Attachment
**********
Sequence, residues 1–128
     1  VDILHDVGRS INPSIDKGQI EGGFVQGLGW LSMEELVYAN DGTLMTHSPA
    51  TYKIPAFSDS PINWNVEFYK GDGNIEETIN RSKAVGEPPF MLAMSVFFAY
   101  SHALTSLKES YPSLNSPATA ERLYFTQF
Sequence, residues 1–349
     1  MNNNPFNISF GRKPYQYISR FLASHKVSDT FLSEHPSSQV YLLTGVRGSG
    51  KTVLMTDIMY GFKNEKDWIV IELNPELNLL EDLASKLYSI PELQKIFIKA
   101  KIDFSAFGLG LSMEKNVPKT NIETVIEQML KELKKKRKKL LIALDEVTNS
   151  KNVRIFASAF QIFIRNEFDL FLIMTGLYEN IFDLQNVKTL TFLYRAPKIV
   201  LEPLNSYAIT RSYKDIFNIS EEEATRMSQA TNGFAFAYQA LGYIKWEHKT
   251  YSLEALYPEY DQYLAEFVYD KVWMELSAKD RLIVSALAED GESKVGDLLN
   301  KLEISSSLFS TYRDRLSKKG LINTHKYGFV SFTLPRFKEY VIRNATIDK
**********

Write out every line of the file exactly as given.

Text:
Sequence, residues 1–128
     1  VDILHDVGRS INPSIDKGQI EGGFVQGLGW LSMEELVYAN DGTLMTHSPA
    51  TYKIPAFSDS PINWNVEFYK GDGNIEETIN RSKAVGEPPF MLAMSVFFAY
   101  SHALTSLKES YPSLNSPATA ERLYFTQF
Sequence, residues 1–349
     1  MNNNPFNISF GRKPYQYISR FLASHKVSDT FLSEHPSSQV YLLTGVRGSG
    51  KTVLMTDIMY GFKNEKDWIV IELNPELNLL EDLASKLYSI PELQKIFIKA
   101  KIDFSAFGLG LSMEKNVPKT NIETVIEQML KELKKKRKKL LIALDEVTNS
   151  KNVRIFASAF QIFIRNEFDL FLIMTGLYEN IFDLQNVKTL TFLYRAPKIV
   201  LEPLNSYAIT RSYKDIFNIS EEEATRMSQA TNGFAFAYQA LGYIKWEHKT
   251  YSLEALYPEY DQYLAEFVYD KVWMELSAKD RLIVSALAED GESKVGDLLN
   301  KLEISSSLFS TYRDRLSKKG LINTHKYGFV SFTLPRFKEY VIRNATIDK